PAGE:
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"To Collect, Preserve and Interpret" Permanent Exhibition at National Cowboy & Western Heritage Museum

 

The National Cowboy & Western Heritage Museum in Oklahoma City has installed a permanent exhibition in the Robert and Grace Eldridge Gallery titled "To Collect, Preserve and Interpret." The show informs the public as to the mission of the Museum and how decisions regarding acquisitions are made. The exhibit will be periodically updated with information about different facets of collecting, preserving and interpreting the Museum's growing collections.

The purpose of the exhibit is to provide visitors insight into what the Museum is about, how it makes decisions regarding collections acquisitions, how it provides care for the collection, and how the collection is used. A feature that separates the National Cowboy & Western Heritage Museum from other Western art and heritage institutions is its critical attention to selecting items that will fit into telling the story of the West.

The decisions and planning that go on behind the scenes often surprise the ordinary Museum visitor who wonders why the lighting in the galleries is low, and why flash cameras are not allowed in certain areas. Frequent questions include "How much of the Museum's collections are on display and why is that little monitor in the gun case?" Visitor interest in Museum operations prompted the curatorial staff to create an exhibition that addresses frequent inquiries. The Eldridge Gallery is a perfect fit for exhibiting new acquisitions and drawing from the vast holdings of interpretive materials in the Museum's Donald C. & Elizabeth M. Dickinson Research Center.

"The act of collecting is a basic human trait that, on a personal level, may reflect relation to the past, aesthetic appreciation, scientific inquiry or simple material acquisitiveness," said Mike Leslie, the Museum's assistant director. "The National Cowboy & Western Heritage Museum currently retains some 120,000 items in its permanent collection," he said, "a collaborative endeavor among private collectors, public dealers, devoted patrons and Museum professional staff charged with collections acquisitions."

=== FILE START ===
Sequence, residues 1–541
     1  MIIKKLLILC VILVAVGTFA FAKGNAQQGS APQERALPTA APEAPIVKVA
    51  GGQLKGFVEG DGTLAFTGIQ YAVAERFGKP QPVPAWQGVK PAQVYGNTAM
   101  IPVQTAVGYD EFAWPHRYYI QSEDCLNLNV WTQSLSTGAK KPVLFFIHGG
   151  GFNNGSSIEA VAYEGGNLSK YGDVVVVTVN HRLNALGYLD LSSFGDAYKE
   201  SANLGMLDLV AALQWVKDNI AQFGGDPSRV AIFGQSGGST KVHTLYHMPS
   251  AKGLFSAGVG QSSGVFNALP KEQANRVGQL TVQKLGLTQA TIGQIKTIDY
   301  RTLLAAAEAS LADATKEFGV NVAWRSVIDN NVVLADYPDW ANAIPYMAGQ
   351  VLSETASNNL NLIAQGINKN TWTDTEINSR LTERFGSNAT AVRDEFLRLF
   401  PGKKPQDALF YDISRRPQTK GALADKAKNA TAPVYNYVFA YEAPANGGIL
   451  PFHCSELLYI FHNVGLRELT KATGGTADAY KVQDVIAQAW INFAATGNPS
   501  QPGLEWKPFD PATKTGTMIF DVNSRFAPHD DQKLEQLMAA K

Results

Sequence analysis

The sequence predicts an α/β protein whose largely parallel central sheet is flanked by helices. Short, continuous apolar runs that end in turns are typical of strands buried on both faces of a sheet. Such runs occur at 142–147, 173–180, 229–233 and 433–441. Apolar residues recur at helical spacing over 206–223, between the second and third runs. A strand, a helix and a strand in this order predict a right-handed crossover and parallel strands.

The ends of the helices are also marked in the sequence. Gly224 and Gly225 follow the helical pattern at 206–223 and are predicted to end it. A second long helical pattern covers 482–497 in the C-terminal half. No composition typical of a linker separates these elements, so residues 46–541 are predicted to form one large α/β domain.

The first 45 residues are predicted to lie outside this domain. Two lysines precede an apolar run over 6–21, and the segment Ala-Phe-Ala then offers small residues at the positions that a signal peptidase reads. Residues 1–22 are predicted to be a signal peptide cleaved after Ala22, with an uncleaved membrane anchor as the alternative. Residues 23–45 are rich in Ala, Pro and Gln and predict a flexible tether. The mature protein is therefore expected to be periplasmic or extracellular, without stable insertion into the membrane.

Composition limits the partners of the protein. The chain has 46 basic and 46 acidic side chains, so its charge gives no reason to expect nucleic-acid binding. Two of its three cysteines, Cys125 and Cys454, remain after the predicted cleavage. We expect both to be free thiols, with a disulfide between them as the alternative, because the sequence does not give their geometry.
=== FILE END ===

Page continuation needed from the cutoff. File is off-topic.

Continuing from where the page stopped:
The exhibit also features work collected under the A. Keith Brodkin Contemporary Western Artists Project designed to collect archival material from living Western artists. Under the auspices of the Dickinson Research Center, the Brodkin Program will preserve a little documented facet of contemporary Western art for generations to come.

Each object in the exhibit is accompanied by a label that describes the process involved in its specific acquisition, preservation and interpretation. One exhibit case is devoted to recent military acquisitions, and includes a military trade catalog, a dress helmet and a cabinet card photograph. The trade catalog sports an "Interpret" label, and the text tells the reader "Unlike enlisted men, military officers were not supplied with uniforms and equipment by the government, but purchased them from specialty dealers." These catalogs aid in researching and documenting both regulation and non-regulation military goods in a particular era.

The visitor also is given a glimpse into what takes place behind the scenes in Museum collections. Storage methods, remedial conservation, pest management and record keeping all play important roles in the long term preservation of the collection.

"All three museum functions -- collecting, preserving and interpreting -- are dynamic, ever-changing and interrelated," said Melissa Owens, the Museum's Registrar. "The three functions are a vital part of the mosaic of activities that give museums their distinct character."

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